Clyde and Lucy act as professors of protocol though, encouraging the two to keep seeing each other, despite how awkward and strange each of these meetings is. Eventually they agree on a second "official date before the boating date" that will include Jack cooking dinner for everyone.

In the meantime, Jack is horrified to learn that Clyde and Lucy, his only template for the world of relationships, aren't as happy as he assumed. It appears that Lucy's had several affairs during their time together, and Clyde can't block them out anymore. Jack finds himself in the unlikely position of giving advice instead of taking it, and since he's about as equipped to do that as a street vendor is to give stock tips, Gary's relationship dissolves right before his eyes, even as his own relationship begins to bloom.

Jack Goes Boating was a tough read. The main issue here is the pacing, which is so slow at times, I thought I was in a doctor's waiting room. This is actually something I’ve been thinking about a lot lately - this "slow burn" approach to a story. It's not a bad thing . Each film has its own pace. But how slow is too slow? Because I’m wondering if readers hit a point where they’re simply unable to enjoy a slow screenplay. It would make sense. Your threshold for patience is at a constant low, and that may be why the only specs that sell these days are ultra-fast move-move-move stories (Check recent sales “Safe House” and “Abduction”).

But I liked Revolutionary Road, and that script is about as slow as it gets. So this is the conclusion I came to: The slower your script is, the more dependent you are on the reader being interested in your subject matter. The degradation of a relationship is a fascinating theme to me, which explains why I liked "Road" (where I know many hated it). But had that script been the exact same pace with the exact same characters, except now they were, say, turning into vampires, that glacial pace probably would've been the last straw. That’s why an up tempo script is preferable if your story can handle it. Make a few more things happen. Stuff a little more into the story. Add a few more twists and turns. Information needs to come at the reader faster. You can essentially tell the same story you want to, but packaged in a way where it will appeal to a wider audience. What's wrong with increasing the chances of your script getting sold?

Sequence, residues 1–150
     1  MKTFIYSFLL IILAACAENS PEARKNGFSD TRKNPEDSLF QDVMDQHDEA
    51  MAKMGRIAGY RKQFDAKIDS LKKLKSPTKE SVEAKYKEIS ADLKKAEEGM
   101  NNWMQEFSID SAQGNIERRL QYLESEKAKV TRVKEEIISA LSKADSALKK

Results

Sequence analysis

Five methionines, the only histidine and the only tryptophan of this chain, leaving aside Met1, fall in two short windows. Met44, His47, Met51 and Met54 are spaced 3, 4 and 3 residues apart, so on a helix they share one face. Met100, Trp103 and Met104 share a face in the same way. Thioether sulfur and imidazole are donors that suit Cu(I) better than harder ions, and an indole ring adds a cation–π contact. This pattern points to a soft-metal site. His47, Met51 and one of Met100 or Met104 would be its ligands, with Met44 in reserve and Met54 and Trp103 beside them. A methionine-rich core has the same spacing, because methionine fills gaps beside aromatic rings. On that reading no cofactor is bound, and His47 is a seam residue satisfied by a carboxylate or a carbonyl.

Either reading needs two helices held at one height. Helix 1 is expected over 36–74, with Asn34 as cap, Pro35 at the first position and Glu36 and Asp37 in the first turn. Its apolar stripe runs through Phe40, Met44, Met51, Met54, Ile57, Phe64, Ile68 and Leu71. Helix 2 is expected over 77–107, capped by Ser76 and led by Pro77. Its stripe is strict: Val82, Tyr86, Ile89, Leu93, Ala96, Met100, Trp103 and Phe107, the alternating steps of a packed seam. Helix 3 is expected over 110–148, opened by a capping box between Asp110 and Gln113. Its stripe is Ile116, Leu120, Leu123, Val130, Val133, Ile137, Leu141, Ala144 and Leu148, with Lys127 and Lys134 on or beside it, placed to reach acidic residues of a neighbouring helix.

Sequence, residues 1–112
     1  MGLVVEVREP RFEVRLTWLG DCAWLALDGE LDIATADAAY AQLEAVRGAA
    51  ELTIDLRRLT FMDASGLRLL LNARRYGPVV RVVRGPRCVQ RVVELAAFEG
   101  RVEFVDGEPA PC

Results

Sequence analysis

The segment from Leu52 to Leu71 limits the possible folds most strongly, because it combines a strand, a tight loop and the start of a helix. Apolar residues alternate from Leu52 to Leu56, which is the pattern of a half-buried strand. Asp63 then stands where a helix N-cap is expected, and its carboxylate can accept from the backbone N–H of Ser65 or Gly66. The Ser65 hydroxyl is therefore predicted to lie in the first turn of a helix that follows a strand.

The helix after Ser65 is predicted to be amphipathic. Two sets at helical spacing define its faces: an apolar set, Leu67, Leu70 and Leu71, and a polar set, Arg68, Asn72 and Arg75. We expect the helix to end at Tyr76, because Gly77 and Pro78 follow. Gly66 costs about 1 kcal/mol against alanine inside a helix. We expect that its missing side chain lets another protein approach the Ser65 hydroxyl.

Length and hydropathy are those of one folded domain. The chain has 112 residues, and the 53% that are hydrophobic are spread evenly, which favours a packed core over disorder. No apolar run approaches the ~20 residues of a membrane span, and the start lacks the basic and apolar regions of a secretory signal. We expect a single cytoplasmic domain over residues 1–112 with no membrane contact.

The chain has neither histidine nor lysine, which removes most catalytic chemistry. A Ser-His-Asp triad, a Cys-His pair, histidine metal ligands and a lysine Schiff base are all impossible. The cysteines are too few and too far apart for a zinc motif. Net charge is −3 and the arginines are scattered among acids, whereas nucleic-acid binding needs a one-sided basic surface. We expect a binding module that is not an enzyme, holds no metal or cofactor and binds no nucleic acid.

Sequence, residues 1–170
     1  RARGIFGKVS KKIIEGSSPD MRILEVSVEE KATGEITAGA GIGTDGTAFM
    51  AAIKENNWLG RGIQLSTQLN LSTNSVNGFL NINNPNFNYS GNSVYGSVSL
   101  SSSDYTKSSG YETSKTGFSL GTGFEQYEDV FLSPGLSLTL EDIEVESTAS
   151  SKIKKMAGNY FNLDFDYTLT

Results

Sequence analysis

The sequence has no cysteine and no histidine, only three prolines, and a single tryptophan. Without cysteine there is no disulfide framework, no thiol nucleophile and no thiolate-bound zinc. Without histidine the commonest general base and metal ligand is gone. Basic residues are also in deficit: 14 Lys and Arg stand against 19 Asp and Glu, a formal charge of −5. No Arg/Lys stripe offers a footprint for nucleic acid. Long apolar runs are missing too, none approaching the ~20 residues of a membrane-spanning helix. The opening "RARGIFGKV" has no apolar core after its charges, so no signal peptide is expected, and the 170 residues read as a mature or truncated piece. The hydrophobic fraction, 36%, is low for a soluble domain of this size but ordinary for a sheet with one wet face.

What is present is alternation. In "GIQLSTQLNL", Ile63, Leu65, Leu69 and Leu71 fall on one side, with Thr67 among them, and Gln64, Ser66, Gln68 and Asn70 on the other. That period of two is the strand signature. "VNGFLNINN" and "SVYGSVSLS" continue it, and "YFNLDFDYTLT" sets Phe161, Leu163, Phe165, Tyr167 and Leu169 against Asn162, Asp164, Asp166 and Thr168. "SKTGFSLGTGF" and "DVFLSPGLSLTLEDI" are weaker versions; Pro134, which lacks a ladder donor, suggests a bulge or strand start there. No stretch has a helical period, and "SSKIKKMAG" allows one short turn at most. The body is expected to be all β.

Now for the very reason I mentioned above (in reference to the relationship in Revolutionary Road), I enjoyed watching Clyde and Lucy's relationship crumble towards the end. But that led to a whole nother set of problems - namely that I never felt like I knew Clyde and Lucy, and therefore could only get so invested in their late-story problems. As a result we're left with Jack and Connie, and while I cheated and imagined some great chemistry between Hoffman and Ryan on screen, the truth was reading them on the page wasn't very interesting. I was hoping for more.

[ ] What the hell did I just read?
[x] wasn’t for me
[ ] worth the read
[ ] impressive
[ ] genius

For a review of the movie, head on over to Movie Jungle.

What I learned: I’ve said this before but I’ll say it again. “Real life” doesn’t exist in 2 and a half minute segments. So if you try and shoehorn a real-life conversation into your screenplay under the guise that it will make your characters and story feel more authentic, you’ll find that your characters don’t sound quite right. Sure, you’re getting that “real life” feel, but listening to two people talk in real life is often boring and pointless. So your scene, not surprisingly, feels...boring and pointless. In screenwriting, you want to have a point to the scenes you write. You want each character to have a goal. You want their conversation to move the plot along. You want some conflict to be involved. The less of these things that are going on, the more boring your script is going to read.